Inverse text normalization (ITN) is used to convert the spoken form output of an automatic speech recognition (ASR) system to a written form. Traditional handcrafted ITN rules can be complex to transcribe and maintain. Meanwhile neural modeling approaches require quality large-scale spoken-written pair examples in the same or similar domain as the ASR system (in-domain data), to train. Both these approaches require costly and complex annotations. In this paper, we present a data augmentation technique that effectively generates rich spoken-written numeric pairs from out-of-domain textual data with minimal human annotation. We empirically demonstrate that ITN model trained using our data augmentation technique consistently outperform ITN model trained using only in-domain data across all numeric surfaces like cardinal, currency, and fraction, by an overall accuracy of 14.44%.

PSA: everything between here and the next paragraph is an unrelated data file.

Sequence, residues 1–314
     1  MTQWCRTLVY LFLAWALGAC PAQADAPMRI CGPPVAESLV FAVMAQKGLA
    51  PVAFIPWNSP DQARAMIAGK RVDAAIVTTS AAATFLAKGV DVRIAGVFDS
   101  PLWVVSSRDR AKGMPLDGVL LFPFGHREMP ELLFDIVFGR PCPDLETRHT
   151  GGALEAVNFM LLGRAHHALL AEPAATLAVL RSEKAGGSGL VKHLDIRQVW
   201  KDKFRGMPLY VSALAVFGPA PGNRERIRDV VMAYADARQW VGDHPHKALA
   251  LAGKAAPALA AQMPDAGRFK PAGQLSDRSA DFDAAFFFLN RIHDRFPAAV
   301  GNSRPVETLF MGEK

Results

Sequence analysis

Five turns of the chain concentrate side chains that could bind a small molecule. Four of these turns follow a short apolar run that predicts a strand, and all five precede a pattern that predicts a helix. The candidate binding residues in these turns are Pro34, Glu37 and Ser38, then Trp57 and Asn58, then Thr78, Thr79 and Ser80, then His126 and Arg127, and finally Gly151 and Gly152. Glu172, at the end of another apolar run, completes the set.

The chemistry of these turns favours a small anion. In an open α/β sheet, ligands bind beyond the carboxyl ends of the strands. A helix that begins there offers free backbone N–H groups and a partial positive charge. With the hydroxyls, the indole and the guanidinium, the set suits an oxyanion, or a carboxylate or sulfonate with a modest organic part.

Speech sounds of spoken language are obtained by varying configuration of the articulators surrounding the vocal tract. They contain abundant information that can be utilized to better understand the underlying mechanism of human speech production. We propose a novel deep neural network-based learning framework that understands acoustic information in the variable-length sequence of vocal tract shaping during speech production, captured by real-time magnetic resonance imaging (rtMRI), and translate it into text. The proposed framework comprises of spatiotemporal convolutions, a recurrent network, and the connectionist temporal classification loss, trained entirely end-to-end. On the USC-TIMIT corpus, the model achieved a 40.6% PER at sentence-level, much better compared to the existing models. To the best of our knowledge, this is the first study that demonstrates the recognition of entire spoken sentence based on an individual's articulatory motions captured by rtMRI video. We also performed an analysis of variations in the geometry of articulation in each sub-regions of the vocal tract (i.e., pharyngeal, velar and dorsal, hard palate, labial constriction region) with respect to different emotions and genders. Results suggest that each sub-regions distortion is affected by both emotion and gender.